Wednesday, 23 November 2022 : 34th Week of Ordinary Time, Memorial of Pope St. Clement I, Pope and Martyr, and St. Columban, Abbot (Homily and Scripture Reflections)

Liturgical Colour : Green or Red (Martyrs) or White (Abbots)

Dear brothers and sisters in Christ, today as we listened to the words of the Scriptures all of us are presented with the reality of being Christians in that we may face hardships, persecutions, and even may lose our lives in the midst of us living our lives faithfully as Christians. Each one of us are reminded that while persecutions and sufferings may be in our path, and we may have to endure them for a while, there is no path for those who continue to refuse to believe in God and those who persecute His people, as those will end up being crushed and defeated by the triumphant Lord, Our God and our Saviour, Who will come again at the end of time, at the time of His choosing, to gather us all who are faithful to Him, and cast into the eternal darkness and destruction, all those who rejected Him to the very end.

In our first reading today, we heard of the story from the Book of Revelations of St. John the Apostle, continuing the account of the past two weeks as we continue to progress through the final days of the current liturgical year, as a reminder for all of us how things will turn out eventually in the end. St. John witnessed in his heavenly vision the Seven Angels of God bearing the last and final plagues that will rise against those who are wicked and all those who continue to side with Satan and the other wicked ones, and continue to rebel against Him. Those who are righteous will be remembered by God, and the moment of His coming will be close with all the manifestation of God’s wrath, as He will come as He has promised, to gather each and every one of us who remain faithful to Him, the living and the dead, to rise together with Him into a new life and existence, totally and completely free from the bondage to sin and evil.

In our Gospel passage today, the Lord Jesus told His disciples of all the things that they would experience going forward, as they continued to carry on their ministries, missions and vocations, as His Apostles, disciples, servants and missionaries among the peoples of various nations. He presented to them frankly and truthfully of how the world that had rejected Him and persecuted Him would likely persecute them as well. Just as much as they would indeed enjoy rich fruits of their efforts in mission and evangelisation, causing countless souls and people to come to know the Lord and be saved, they also had to contend against the many challenges, persecutions and rejections from all those who refused and would refuse to believe in the Lord and His truth.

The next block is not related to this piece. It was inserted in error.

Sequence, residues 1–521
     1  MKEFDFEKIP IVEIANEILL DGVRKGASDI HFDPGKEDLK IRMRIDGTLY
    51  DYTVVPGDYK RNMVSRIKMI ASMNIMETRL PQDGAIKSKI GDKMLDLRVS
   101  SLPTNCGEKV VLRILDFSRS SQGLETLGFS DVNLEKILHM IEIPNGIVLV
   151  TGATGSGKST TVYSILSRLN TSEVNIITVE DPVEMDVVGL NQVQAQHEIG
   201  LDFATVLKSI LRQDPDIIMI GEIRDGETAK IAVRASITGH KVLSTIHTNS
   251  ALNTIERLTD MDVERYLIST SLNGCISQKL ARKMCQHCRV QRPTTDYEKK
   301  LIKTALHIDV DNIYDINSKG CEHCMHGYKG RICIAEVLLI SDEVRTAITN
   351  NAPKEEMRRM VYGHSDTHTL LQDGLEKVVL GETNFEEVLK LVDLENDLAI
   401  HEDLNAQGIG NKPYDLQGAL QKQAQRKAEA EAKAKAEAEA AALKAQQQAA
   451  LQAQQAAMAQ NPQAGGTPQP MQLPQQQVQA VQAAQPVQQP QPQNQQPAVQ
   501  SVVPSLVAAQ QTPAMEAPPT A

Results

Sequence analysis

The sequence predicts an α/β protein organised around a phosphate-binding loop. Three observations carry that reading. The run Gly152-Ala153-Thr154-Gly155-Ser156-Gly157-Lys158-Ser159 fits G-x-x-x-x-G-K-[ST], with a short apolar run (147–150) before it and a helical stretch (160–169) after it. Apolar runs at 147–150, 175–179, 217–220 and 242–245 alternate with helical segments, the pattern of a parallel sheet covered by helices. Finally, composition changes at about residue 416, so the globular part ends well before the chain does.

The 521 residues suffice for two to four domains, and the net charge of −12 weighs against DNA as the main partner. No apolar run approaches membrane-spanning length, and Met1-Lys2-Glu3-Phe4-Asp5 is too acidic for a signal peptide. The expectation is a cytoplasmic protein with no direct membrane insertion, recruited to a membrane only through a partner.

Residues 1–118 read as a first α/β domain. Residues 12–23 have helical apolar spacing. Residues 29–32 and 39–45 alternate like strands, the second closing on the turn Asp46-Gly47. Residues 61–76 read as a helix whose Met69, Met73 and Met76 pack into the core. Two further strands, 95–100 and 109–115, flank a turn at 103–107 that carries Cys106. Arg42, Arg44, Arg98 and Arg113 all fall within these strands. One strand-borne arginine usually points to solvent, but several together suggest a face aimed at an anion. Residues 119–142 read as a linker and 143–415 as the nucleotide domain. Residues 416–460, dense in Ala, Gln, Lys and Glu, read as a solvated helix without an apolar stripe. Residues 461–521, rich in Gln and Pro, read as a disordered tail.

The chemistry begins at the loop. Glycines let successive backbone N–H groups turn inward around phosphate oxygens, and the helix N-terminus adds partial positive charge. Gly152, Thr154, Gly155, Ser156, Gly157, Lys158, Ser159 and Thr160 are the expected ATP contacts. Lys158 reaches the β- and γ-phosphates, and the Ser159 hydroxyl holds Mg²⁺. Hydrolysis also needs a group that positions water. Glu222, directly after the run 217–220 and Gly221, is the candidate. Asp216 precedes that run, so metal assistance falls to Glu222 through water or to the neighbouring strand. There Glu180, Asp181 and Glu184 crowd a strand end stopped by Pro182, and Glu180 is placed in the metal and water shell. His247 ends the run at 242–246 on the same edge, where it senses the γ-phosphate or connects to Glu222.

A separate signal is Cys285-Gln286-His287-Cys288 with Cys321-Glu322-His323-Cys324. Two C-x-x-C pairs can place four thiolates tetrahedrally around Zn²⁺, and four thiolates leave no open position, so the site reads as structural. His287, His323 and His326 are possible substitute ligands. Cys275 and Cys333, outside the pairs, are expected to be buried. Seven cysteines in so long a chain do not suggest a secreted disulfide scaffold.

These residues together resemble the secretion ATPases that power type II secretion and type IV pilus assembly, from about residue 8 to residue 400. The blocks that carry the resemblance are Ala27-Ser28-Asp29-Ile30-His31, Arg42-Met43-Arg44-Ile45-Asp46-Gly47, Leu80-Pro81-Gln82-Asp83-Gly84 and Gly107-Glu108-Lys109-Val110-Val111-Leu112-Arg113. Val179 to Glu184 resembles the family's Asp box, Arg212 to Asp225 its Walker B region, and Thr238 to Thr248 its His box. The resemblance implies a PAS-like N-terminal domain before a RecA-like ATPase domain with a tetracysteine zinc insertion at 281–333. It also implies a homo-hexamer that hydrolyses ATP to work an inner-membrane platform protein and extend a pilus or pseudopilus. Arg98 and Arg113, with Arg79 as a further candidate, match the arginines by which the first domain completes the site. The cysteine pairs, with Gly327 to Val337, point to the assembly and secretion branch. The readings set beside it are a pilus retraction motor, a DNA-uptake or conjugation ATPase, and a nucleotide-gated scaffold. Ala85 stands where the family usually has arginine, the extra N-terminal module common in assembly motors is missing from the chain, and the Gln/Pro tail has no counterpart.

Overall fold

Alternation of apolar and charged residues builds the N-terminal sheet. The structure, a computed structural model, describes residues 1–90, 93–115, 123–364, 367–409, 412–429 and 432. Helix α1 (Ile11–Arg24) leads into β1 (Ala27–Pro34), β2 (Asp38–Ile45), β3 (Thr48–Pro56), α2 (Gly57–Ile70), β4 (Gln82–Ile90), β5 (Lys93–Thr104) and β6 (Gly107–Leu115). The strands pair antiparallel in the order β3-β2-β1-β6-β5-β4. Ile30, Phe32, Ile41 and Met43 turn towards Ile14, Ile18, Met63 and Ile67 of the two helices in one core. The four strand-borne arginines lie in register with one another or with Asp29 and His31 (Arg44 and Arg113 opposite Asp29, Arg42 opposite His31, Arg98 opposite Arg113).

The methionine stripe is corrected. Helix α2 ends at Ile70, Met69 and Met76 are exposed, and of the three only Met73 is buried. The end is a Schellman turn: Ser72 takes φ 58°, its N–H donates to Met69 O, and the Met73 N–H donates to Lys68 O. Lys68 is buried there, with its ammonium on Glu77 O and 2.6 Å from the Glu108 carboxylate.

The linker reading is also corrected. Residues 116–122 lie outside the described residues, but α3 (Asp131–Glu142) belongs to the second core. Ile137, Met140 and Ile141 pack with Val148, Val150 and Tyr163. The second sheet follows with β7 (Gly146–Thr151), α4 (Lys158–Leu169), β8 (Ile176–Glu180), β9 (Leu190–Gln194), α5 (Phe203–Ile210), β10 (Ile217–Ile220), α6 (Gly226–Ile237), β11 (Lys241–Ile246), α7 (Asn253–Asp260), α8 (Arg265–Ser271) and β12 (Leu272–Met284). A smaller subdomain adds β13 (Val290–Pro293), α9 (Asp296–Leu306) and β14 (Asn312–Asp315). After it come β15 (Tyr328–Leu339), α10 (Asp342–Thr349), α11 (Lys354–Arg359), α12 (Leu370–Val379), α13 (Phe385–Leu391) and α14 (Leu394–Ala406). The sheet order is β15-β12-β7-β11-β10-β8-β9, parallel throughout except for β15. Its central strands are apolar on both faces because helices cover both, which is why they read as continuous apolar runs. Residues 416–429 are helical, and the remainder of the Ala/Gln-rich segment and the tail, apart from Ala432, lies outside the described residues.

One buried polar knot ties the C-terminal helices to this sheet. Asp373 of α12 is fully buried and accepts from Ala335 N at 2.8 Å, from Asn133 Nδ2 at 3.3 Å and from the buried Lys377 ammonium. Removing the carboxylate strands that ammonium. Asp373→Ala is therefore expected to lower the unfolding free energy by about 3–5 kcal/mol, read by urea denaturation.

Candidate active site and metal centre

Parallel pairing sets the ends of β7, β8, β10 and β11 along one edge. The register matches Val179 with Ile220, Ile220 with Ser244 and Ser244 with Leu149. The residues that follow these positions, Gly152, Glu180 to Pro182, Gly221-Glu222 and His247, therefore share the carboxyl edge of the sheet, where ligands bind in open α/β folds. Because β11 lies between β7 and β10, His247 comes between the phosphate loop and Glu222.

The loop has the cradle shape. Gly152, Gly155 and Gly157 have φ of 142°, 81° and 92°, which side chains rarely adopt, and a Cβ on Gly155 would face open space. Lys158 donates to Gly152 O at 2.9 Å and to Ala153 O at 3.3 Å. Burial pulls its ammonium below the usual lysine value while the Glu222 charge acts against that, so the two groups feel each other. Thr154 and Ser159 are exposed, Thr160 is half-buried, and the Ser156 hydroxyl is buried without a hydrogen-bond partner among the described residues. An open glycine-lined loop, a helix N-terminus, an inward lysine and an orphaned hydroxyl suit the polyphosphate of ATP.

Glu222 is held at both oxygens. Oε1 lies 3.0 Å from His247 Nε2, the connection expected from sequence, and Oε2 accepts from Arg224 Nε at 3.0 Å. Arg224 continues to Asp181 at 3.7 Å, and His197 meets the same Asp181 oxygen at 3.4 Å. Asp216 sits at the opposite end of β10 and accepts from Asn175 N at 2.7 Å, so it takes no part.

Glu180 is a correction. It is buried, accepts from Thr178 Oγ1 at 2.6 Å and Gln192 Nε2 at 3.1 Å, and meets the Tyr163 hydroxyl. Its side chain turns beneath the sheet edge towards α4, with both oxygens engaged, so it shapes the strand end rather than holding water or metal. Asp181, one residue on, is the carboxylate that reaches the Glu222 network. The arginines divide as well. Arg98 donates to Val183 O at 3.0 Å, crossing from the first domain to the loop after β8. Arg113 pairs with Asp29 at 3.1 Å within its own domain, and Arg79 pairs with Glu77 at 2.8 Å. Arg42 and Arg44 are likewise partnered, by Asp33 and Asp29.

And all of those things indeed came true as the early Church and Christians came under intense persecution firstly from the Jewish authorities, the Sanhedrin or the Jewish High Council, and then later on from the local governors and eventually the Roman state and government itself, resulting in many years, decades and centuries of terrible persecutions against the Church and all Christians. And even three centuries later, when the Christian persecutions were ended and the faith was finally tolerated and accepted, persecutions, challenges, trials and rejections still continued to happen, from time to time, again and again throughout the past two millennia of the history of the Church and its presence and works in our world, even right to the present day.

Throughout the world, there are still various kinds of difficulties, challenges and persecutions facing the people of God all over, as they face hardships and trials just for even being believers of Christ and for showing their faith in Him. Many had to practice their faith in secret, and many were, and are still suffering daily, even in prison and torture for their continued belief and faith in the Lord, their God and their Saviour. Yet, many of them remained steady and firm in their faith, and they did not give up despite the various pressures, coercions and efforts to make them turn away from their faith and betray the Lord. And still in other places, while it is alright to practice the Christian faith, Christians are facing challenges, trials and also oppositions to their very beliefs and way of life, and many are forced to choose between their faith and the fashionable ways and thoughts of the current world.

Today, the Church celebrates the feast of two great saints whose lives ought to inspire us all in how we ought to live our lives with faith, namely that of Pope St. Clement I, one of the earliest Popes and Vicars of Christ, a holy martyr of the faith, and also St. Columban, a renowned and holy Abbot, both of whom were dedicated to God in their own unique ways, and whose lives and actions showed great deal of faith and commitment to God. Both of them can show us what it truly means to be Christians, to live our lives worthily of Him in all of our words, actions and deeds, that we may indeed come ever closer to the Lord and find our way to Him, to His grace, love, salvation and eventually, eternal life with Him in true happiness and joy.